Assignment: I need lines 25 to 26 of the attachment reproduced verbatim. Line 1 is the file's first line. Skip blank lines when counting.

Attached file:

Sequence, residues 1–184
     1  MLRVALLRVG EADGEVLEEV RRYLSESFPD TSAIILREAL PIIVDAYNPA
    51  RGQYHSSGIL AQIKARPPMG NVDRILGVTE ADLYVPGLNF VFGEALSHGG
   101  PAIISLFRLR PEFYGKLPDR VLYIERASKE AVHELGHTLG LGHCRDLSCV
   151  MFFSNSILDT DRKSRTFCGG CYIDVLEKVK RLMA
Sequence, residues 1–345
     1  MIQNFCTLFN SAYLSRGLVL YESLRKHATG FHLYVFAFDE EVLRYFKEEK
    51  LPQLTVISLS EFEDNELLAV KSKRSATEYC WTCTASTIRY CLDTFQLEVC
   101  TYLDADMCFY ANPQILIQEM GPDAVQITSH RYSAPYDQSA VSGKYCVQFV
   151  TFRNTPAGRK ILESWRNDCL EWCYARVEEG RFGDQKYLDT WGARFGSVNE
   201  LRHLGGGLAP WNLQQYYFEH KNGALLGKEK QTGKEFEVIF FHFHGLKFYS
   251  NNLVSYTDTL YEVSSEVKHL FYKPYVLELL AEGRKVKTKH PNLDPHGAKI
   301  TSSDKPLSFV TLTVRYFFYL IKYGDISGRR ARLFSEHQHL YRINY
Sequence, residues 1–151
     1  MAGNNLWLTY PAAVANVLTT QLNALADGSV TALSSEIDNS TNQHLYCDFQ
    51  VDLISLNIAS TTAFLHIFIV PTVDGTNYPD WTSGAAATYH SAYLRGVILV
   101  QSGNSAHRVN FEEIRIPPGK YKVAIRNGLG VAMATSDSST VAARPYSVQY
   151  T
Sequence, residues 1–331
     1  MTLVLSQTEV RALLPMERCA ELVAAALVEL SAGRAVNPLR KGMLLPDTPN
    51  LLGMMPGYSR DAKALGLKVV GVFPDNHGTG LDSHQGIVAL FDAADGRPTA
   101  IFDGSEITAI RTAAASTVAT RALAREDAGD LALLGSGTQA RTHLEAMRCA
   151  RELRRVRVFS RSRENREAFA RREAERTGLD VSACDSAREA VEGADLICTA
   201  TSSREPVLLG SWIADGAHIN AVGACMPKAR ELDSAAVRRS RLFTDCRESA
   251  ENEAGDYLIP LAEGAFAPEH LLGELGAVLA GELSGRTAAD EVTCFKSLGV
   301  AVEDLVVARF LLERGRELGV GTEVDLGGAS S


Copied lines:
   251  ENEAGDYLIP LAEGAFAPEH LLGELGAVLA GELSGRTAAD EVTCFKSLGV
   301  AVEDLVVARF LLERGRELGV GTEVDLGGAS S